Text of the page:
Kate Merrill is an Emmy award winning journalist for WBZ-TV News and co-anchors the WBZ-TV Morning News weekday newscasts at 4:30AM, 5AM, and 6AM with co-anchor David Wade, meteorologist Todd Gutner, and traffic reporter Michelle Roberts. She joined the CBS Boston in March 2004 after reporting for WNBC-TV in New York.
Merrill began her career as a college intern at WCBV-TV in Boston. Upon graduating she moved to upstate New York to report for WICZ-TV and WIVT-TV. In 1998 Merrill started working as an anchor and reporter for WKRN-TV in Nashville, TN. During her time in Nashville, she received an Emmy Award for her role in covering the tornado that hit Tennessee in 1999. That same year Merrill also received two awards for her investigative reporting. After spending five years at WKRN, she returned to the Northeast to work for WNBC-TV in New York.
Merrill is a graduate of Lafayette College and holds a bachelor of arts degree in government and law. In addition to her reporting duties she works with the American Heart Association and YMCA.
Originally from Carlisle, MA, Merrill’s great grandfather was editor of the Boston Globe. She currently resides outside of Boston where she enjoys spending time with her husband and two children.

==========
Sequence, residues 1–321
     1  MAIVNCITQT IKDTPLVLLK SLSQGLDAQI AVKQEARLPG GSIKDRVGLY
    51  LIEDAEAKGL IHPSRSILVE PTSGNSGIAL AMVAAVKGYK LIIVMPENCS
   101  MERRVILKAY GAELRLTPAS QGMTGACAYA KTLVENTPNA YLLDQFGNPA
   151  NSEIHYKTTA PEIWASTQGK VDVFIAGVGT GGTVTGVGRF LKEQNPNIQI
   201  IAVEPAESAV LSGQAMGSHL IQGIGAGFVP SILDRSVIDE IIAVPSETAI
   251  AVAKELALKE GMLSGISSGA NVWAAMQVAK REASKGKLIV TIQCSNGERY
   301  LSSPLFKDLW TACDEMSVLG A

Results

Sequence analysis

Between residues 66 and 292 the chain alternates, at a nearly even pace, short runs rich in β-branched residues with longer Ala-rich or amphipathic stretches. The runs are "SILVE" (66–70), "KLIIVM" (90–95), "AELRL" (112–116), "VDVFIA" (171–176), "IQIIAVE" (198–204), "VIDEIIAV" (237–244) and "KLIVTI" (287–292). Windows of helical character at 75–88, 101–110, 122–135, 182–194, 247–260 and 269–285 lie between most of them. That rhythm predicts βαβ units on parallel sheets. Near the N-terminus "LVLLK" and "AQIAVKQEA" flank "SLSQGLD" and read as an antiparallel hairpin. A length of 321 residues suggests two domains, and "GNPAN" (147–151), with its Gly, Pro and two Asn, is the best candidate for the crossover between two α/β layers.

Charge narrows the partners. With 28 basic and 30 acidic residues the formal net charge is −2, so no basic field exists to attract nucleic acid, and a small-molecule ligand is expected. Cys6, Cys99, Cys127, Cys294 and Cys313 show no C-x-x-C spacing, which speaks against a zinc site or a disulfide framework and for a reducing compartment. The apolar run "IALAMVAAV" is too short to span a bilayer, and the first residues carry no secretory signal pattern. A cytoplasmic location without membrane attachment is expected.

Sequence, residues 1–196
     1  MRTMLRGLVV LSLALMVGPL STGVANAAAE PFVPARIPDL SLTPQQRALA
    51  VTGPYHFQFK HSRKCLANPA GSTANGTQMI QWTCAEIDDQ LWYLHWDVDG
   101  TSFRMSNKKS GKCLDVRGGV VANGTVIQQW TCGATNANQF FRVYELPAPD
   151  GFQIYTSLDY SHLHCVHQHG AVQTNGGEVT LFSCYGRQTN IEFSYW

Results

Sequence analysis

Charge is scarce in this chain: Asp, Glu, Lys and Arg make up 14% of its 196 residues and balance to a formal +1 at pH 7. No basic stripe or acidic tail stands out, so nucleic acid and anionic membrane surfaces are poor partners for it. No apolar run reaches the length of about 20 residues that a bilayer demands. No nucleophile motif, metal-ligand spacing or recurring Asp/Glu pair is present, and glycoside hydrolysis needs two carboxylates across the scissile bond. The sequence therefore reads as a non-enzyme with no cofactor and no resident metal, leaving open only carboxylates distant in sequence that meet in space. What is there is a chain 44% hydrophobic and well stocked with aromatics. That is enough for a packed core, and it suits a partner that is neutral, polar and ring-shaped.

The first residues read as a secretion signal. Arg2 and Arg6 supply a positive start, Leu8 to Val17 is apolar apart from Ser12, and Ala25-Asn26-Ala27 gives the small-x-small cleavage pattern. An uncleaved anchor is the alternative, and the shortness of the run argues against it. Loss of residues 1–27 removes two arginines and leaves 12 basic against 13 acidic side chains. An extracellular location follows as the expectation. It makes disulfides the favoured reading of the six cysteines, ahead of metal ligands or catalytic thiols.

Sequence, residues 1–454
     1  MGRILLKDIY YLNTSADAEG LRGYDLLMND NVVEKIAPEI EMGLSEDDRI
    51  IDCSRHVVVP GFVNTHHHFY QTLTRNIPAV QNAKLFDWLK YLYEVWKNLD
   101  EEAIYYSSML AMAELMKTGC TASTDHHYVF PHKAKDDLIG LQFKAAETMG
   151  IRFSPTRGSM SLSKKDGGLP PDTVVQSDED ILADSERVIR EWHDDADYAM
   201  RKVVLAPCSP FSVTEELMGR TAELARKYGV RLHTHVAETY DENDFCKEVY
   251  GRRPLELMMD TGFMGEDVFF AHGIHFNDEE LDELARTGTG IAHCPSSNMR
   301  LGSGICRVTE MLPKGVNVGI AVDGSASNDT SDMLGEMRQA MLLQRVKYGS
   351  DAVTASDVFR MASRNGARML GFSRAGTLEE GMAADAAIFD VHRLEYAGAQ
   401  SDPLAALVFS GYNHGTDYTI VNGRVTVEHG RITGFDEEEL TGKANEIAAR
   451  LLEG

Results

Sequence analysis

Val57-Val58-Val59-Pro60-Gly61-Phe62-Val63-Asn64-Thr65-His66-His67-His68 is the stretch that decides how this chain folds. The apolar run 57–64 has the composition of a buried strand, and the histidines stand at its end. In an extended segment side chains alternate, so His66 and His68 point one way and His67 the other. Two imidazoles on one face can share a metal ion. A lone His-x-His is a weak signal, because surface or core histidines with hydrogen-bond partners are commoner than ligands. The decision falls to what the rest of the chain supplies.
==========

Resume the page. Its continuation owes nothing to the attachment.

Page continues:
You can contact Kate at firstname.lastname@example.org.
Boston’s WBZ-TV and myTV38 are owned and operated by CBS Television Stations, a division of CBS Corporation.
Some couples are going to the extreme: planning low-key affairs without telling friends and family before they arrive.
At Haven from Hunger in Peabody, they service 1,500 clients every month and they have to be creative about how they get their donations.
Lee Anna Yanni was standing in front of Marathon Sports when one of the bombs went off at the 2013 Boston Marathon. She is running the marathon this year.
They are the faces of Martin Richard; his soccer coach, his neighbor, his friend’s dad, a local mom, even his second grade teacher.
They helped save the lives of the most critically wounded but feel like they need to do more.
Efforts are now underway in Boston to stop one of the most dangerous types of hospital infections, ‘C. Diff’.
Research is saying there might be something behind the messages our bodies are sending.
It is estimated about 25 million Americans have been diagnosed with asthma. Many of them are being treated for a condition they don’t even have.
The Brigham is one of only 20 centers in the country using this innovative procedure.
Women are increasingly the breadwinner in today’s modern family, and this new dynamic is presenting challenges for relationships.